1- Interoperability. LOC cataloging is what the majority of US academic and research libraries use. This makes finding book data simpler, but also increases the usefulness of our library as part of a greater network, both of allied institutions but also as part of the broad canvas of libraries in the US and abroad.
2- Ease. When doing a test input of books from our collection into LibraryThing I used ISBN, Library of Congress, and Dewey Decimal codes as benchmark ways of organizing the collection. LibraryThing's database could use an ISBN code to pull up Library of Congress cataloguing information very quickly most of the time. If not, I could usually find the record from the control number in the book or by a search of the Library of Congress's catalog. These side searches were simple and did not add much time to the average amount of time spent cataloguing each book. Dewey Decimal numbers, on the other hand, occassionally came through in ISBN searches. When they did not, though, I had to find them, either in the Library of Congress's catalog (occassionally they were listed there), or by finding the book in WorldCat (A network of catalogues run by the organization which owns the Dewey system's catalog) and finding a linked library that used Dewey Decimal, to snag their code. This was very time-consuming, especially as most libraries that WorldCat linked to only used Library of Congress cataloging data.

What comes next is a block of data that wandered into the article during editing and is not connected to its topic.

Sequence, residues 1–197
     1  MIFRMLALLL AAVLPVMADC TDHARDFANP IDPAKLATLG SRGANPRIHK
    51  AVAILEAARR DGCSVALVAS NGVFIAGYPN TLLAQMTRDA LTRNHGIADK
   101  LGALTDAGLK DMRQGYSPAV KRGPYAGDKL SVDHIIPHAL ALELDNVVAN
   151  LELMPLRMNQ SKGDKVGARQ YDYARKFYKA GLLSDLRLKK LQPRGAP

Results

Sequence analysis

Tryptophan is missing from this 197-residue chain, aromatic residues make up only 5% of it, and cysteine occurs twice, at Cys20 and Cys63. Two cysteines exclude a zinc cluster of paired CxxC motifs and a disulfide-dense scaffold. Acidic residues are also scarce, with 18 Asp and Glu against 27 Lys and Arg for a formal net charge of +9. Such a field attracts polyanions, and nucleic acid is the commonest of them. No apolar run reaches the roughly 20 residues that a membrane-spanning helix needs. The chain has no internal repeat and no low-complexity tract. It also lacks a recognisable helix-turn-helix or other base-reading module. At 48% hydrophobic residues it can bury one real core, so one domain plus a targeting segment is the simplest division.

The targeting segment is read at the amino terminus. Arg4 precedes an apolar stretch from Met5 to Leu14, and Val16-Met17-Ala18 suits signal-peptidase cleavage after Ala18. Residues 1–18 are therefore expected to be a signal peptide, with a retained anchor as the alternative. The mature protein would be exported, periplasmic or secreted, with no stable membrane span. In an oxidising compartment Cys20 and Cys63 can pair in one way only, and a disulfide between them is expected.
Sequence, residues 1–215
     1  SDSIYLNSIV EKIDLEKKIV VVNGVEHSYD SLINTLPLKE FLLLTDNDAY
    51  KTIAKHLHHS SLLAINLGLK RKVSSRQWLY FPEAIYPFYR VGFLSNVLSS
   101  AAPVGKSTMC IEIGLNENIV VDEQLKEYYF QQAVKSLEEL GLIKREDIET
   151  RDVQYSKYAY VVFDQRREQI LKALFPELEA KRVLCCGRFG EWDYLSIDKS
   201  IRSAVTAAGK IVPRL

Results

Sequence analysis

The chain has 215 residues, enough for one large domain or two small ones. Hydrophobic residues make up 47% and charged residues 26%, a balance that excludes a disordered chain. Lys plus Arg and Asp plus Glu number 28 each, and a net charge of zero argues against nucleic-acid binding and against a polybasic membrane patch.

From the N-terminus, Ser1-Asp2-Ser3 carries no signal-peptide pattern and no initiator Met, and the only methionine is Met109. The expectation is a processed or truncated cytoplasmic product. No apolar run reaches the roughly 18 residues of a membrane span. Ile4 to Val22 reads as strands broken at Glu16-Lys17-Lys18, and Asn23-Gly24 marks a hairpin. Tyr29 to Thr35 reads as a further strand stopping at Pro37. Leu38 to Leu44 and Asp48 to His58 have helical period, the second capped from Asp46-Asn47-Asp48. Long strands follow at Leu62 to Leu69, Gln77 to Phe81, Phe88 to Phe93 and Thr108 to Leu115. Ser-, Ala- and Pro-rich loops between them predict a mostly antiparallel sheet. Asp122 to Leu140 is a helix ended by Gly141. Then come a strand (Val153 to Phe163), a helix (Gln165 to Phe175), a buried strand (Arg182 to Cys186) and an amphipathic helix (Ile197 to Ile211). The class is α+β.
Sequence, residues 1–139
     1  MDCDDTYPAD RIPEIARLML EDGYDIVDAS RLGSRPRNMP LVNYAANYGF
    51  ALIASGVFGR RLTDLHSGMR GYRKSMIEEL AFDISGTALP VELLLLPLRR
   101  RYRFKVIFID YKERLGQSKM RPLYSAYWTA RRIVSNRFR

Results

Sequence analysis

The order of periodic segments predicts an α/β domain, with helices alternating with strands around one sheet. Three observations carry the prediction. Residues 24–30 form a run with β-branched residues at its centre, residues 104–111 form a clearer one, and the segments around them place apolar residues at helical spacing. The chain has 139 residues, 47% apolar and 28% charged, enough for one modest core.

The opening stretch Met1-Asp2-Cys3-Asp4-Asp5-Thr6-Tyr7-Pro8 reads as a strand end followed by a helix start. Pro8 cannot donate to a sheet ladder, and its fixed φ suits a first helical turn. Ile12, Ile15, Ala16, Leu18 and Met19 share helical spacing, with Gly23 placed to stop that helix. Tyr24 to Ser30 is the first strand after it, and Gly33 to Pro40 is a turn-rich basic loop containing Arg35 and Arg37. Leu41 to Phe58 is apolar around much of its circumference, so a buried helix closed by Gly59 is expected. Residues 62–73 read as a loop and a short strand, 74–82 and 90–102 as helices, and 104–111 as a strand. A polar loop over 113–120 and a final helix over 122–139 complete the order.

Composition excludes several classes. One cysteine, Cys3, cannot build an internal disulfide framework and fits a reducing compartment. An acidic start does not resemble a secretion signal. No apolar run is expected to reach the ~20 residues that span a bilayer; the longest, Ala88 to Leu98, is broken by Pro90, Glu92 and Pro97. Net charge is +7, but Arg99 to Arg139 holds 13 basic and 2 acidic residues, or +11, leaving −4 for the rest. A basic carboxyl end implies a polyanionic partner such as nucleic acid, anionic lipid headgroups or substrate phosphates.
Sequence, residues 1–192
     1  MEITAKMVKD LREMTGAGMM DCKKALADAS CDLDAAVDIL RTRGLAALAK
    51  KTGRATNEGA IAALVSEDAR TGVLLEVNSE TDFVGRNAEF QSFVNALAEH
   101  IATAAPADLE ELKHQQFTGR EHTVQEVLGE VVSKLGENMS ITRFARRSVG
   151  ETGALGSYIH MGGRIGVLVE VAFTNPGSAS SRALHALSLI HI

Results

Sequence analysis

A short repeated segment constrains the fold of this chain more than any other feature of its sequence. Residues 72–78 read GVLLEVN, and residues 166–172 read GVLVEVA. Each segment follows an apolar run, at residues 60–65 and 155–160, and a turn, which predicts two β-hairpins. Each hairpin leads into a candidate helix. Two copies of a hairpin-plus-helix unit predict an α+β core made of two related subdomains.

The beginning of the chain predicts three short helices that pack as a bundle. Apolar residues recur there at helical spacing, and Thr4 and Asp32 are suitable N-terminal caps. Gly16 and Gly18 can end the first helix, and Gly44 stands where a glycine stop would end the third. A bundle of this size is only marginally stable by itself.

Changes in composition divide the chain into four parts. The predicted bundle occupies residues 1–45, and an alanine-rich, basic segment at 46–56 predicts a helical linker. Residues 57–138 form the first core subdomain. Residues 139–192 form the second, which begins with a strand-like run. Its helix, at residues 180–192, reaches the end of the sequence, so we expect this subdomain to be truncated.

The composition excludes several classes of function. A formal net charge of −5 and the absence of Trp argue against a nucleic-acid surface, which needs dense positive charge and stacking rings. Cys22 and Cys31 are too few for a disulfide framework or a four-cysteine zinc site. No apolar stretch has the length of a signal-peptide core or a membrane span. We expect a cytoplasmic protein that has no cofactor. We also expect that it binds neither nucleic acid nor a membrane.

While a top-down system such as the Library of Congress catalog (and also the Dewey Decimal System) is not a true open source resource, using already-established cataloging systems by which to list our books can help us in networking with other collections and facilitating research, growth of knowledge, and creative dispersal of the information we curate. How we present our library, and the ways in which shelves are organized, is a next thing for the Greenhorns library team to think about, but we hope this information can serve other organizations that seek to establish community and organizational libraries to grow their own movements.
In short, establishing a non-profit library that seeks to hack into and serve the activist communities in the young farmers and environmental sustainability movements requires mindfulness, clear direction, and no small degree of courage. It is a hard world out there, but confraternity, information-sharing, and knowledge of our past can help to build our communities and to grow pedagogies of resilience and justice within the food system and society.